Wednesday 19 April 2023

Progress Near Loading Ramp

Thanks to a couple of quiet weekends during Autumn some very basic ground cover on the loading ramp module and around the wooden building was fixed in place. Then the layout was left untouched for most of the Winter, but has now finally been given attention again.

With the ground still wet from the mix of glue and water, some of the containers and small bags of scatter material can be seen. Most of it supplied for free by mother nature. The injection needle is perfect for applying the glue/water mix in a controlled manner. Other means of application may be faster, but I've very seldom been hampered by deadlines in my modelling.

During Autumn I had most of the ramp segment of the layout covered with a mix of used coarsly ground coffee, sieved gravel and commercial ballast products, dried birch leaves and small twigs and stones. Only the small footpath leading down from the loading ramp work platform was missing. With dyed toothpicks and scraps of wood I fabricated the front reinforcement of the steps and building up the body of the steps with dyed plaster. I covered the surface with fine gravel and small stones.
Work on the primitive stairs leadning to/from the loading ramp. It's Spring and I work outside in the sun.

When I applied grass and shrubbery under the loading ramp I learned that in 1/19 scale it is very important to detail the ground cover beneath the grass. Due to the larger scale the grass is best left with a certain spacing between the single grass fibres and quite a lot of the ground below consequently shows through the grass cover.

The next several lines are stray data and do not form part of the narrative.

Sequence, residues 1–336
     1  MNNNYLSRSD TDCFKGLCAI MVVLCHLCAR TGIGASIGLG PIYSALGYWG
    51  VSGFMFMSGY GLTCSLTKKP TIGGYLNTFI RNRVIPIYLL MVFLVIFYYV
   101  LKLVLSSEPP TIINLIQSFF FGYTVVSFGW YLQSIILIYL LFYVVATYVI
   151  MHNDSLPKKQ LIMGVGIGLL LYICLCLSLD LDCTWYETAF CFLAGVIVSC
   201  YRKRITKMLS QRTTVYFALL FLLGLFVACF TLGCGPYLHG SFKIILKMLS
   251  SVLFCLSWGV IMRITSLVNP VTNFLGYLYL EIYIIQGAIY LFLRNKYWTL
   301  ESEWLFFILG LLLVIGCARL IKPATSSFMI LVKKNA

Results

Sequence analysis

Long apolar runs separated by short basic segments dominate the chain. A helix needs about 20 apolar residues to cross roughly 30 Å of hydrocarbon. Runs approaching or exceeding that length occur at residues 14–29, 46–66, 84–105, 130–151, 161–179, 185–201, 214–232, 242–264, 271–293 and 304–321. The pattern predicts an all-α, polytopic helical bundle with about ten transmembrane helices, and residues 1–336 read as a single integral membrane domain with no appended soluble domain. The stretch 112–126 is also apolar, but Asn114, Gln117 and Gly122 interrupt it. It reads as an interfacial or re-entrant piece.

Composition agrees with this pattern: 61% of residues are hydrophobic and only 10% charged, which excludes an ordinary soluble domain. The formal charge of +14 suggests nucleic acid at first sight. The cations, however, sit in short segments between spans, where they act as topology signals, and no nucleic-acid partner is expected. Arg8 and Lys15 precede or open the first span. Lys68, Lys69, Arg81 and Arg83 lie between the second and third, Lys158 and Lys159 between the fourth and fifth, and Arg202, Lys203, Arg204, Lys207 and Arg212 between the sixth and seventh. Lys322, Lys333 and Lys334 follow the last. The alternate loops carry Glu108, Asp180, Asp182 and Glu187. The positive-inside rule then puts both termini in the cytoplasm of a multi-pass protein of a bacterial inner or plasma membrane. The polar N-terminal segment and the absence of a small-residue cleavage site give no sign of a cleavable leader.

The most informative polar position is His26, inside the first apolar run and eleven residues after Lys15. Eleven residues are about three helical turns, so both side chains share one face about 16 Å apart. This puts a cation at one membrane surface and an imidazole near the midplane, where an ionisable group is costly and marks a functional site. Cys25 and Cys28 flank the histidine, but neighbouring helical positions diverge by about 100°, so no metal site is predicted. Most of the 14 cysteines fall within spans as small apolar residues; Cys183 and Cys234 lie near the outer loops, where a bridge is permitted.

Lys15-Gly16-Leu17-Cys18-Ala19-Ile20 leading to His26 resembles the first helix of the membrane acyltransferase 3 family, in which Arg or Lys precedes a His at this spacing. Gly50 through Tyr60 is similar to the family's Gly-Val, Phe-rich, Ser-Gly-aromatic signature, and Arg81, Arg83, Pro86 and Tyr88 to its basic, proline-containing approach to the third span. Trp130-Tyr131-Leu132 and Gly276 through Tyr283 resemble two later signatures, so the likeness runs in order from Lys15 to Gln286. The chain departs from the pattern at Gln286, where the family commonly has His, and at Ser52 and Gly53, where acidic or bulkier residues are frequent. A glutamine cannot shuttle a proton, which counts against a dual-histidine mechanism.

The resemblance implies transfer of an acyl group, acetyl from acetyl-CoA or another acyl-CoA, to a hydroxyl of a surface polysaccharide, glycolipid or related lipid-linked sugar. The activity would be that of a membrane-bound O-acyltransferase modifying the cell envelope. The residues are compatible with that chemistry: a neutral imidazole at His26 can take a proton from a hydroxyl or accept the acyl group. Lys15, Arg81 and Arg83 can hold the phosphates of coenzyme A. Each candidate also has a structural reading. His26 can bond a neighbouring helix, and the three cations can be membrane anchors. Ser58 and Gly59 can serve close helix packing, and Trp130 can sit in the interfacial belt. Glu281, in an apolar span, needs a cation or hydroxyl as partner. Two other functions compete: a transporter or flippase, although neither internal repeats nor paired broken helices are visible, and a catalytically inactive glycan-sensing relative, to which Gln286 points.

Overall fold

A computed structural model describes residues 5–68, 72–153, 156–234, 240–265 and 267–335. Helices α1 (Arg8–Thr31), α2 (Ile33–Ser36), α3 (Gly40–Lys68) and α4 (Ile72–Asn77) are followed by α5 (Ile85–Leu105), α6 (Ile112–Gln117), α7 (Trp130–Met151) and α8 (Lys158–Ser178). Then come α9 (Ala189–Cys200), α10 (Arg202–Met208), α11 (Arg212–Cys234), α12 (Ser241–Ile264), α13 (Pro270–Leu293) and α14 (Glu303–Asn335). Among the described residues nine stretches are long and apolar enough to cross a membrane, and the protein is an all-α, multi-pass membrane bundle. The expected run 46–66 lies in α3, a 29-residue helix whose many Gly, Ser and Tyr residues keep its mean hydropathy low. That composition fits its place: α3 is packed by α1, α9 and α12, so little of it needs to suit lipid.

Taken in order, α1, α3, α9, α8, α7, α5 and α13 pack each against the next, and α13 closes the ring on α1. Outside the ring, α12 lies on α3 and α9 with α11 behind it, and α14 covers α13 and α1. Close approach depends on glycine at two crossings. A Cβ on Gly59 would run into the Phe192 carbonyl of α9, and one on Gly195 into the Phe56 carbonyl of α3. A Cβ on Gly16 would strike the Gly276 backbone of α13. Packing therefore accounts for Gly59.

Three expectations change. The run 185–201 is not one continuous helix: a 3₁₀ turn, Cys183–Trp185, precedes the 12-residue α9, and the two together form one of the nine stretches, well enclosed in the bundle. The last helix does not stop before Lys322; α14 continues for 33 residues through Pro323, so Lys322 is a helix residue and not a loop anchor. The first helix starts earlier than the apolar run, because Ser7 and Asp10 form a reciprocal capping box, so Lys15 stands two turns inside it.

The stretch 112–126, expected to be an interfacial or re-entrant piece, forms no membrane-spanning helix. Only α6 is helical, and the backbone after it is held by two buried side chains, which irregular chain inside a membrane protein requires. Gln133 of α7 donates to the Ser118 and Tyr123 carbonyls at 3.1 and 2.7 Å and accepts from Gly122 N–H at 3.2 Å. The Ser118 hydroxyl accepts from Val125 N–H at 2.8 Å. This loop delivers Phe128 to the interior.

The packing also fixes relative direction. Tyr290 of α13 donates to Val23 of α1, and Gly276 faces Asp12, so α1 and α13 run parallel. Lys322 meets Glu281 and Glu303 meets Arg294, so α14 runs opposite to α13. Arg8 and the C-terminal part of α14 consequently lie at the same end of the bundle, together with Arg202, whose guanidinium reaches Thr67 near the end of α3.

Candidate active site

With the finished relief building being made ready to be permanently fitted to the layout, I also began the landscaping around it. Current status is that the ramp segment is fully covered with earth scatter material with some basic grass tufts placed near and in the track. The grass tufts are the ones I bought from Spain last Summer. Near the loading ramp itself, a short section of track has also been ballasted. 

A close up of the ballasted section near the loading ramp. In addition to the grass tufts placed in the ballast I will add further tufts on the ballast surface as well as adding static grass later.

Next stage in the development of the layout will be adding of static grass on the loading ramp segment and more ground scatter on the main part of the layout. 

Tuesday 4 April 2023

Danish Model Railway Union Exhibition 2023

The Danish Model Railway Union's annual model railway exhibition was held no more than 1000 m from my doorstep. Usually I pass exhibitions like this. This year a broken finger kept me away from my main railway activity: the 1/1 scale 700 mm gauge Hedeland vintage railway. So for the first time ever I was going to visit the DMJU exhibition.

 A Danish themed modular layout exhibited showed a famous industrial facility well known from a movie in the Olsen Bande-series. Also a location I have lived quite close to for the first 20 years of my life.